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ACORRDS (Albertans Concerned Over Responsible Resource Development Society) looking for public awareness by Lindsay Seewalt, Jun 29, 2017, Cochrane Eagle
A small army of rural Cochranites say they are tired of being ignored and having their voices overshadowed by the oil and gas industry.
Following several years of trying to create awareness around what they believe are critical human and animal health concerns stemming from the extraction process of horizontal drilling and hydraulic fracturing – better known as “fracking” – some residents in the Lochend area northwest of Cochrane have put together a society to add weight to their voices.
The group – ACORRDS (Albertans Concerned Over Responsible Resource Development Society), which met Wednesday night at RockPointe Church in Bearspaw – is comprised of individuals who are frustrated with the province’s regulation (or lack thereof) of industry fracking of tight oil wells and their proximity to human habitation.
Fracking is the process of drilling lateral wells, using high-pressure liquid chemicals to penetrate tight rock formations to extract shale gas. Much of the controversy around the process is due to the open air flaring that occurs, emitting chemicals into the air.
“I think the oil and gas industry has had too much power in this province and I hope this government and future governments will take steps to move beyond fossil fuels,” said Nielle Hawkwood, who has lived and ranched in the Lochend area for some 40 years with her husband, Howard.
The couple is among the founding members of ACORRDS – which was registered as a non-profit Alberta society in late 2016. The intent of the society is to promote education and public awareness.
Nicknamed the “radioactive ranchers” by Canadian journalist Andrew Nikiforuk, the pair has been featured in the media for their journey – which began not long after fracking practices ramped up in the Lochend region in 2009.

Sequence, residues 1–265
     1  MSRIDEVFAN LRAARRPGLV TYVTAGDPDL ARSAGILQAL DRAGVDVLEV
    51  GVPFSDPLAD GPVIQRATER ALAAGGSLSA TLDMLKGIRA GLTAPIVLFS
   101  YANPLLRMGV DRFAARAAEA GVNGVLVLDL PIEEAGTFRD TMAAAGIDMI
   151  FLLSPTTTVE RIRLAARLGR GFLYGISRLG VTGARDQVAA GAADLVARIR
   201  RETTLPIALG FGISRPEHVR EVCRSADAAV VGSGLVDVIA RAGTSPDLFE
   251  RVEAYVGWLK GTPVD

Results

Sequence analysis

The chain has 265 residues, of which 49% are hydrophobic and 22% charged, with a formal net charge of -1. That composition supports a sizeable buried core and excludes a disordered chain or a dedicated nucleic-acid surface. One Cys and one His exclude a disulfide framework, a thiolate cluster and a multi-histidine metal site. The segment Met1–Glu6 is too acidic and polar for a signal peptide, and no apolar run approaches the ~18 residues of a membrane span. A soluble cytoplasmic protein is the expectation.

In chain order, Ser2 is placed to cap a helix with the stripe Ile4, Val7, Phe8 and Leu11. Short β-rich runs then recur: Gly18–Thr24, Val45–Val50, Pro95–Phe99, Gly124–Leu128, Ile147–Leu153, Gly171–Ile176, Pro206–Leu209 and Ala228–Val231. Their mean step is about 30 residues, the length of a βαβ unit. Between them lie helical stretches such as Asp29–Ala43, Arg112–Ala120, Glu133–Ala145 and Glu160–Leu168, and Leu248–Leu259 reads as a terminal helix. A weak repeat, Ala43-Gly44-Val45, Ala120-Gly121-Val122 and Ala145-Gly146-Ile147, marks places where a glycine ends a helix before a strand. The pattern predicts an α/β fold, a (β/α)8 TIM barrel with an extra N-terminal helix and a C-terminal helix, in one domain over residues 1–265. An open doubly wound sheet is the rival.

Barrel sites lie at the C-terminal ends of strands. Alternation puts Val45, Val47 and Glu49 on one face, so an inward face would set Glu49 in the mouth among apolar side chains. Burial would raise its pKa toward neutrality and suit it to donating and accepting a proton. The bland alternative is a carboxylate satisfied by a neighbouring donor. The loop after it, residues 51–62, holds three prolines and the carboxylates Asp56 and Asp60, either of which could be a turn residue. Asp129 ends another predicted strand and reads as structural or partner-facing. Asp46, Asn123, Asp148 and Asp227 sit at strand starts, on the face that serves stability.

According to the Hawkwoods, when fracking increased, their well water pressures rose, algae stopped production in their animal troughs and they began to lose some of their cattle unexpectedly.
After the loss of an alarming percentage of their herd in 2013 – around 10 per cent – the Hawkwoods had their soil tested and discovered it was testing high for radioactive materials. Soil samples were taken from the centres of dead spots and from areas of normal growth about 18 inches away. “Dead” samples contained more than three times as much chlorine as “healthy” samples. Significantly higher levels of uranium and strontium were also found.
Simultaneously, Nielle began to experience significant health problems herself – kidney malfunction and hair loss. While doctors told her it was due to aging, her symptoms drastically subsided by late 2015 – when fracking subsided in response to a declining market.
Nielle learned early on her health concerns were shared by many of her neighbours – like Daniel and Elaine Thomas.
“The oil and gas industry in Alberta is absolutely out of control due to the lack of regulation by the provincial government,” said Daniel Thomas, a Lochend area resident who has also worked in the oil and gas industry as an engineer for some 30 years.
Thomas said at its height in 2011 to 2014, with dozens of operational oil wells in the region, he and his wife, Elaine, experienced similar health concerns to what the Hawkwoods did: hair loss, headaches, dizziness and muscle pain.
He likens how the industry operates to a “great Ponzi scheme” – where wells are fracked, sold to “unsuspecting investors” and then when the market, tanks the wells are abandoned, leaving behind a mess for residents and taxpayers to foot the clean-up bill.
“From the broader and historical perspective, there are some long-time industry players who should or would be considered as criminals given their actions and inactions that have caused some unconscionable levels of hurt to many rural Albertans.”
Thomas said he has seen better, safer practices in developing and third world nations, but concerns are silenced in a province where so many feed their families as a result of the industry.
The Lochend Industry Producers Group (LIPG) is comprised of the main operators in the region: Ridgeback Resources Inc., Pengrowth Energy Corporation, Tamarack Valley Energy and ORLEN Upstream Canada.
According to Larry Stewart, chair of the LIPG, post-2008 (when LIPG began operations in the region) there were “approximately 170 wells drilled … of these 140 are in production.”
Stewart said the current market points to minimal predicted activity over the coming year and maintains the LIPG adheres to the “high standards and regulations by the Alberta Energy Regulator (AER)” including “numerous onsite inspections.”
Stewart said the LIPG takes all community concerns related to health seriously and that a regional health study conducted by the AER, with the help of member companies and area residents did not reveal significant health concerns.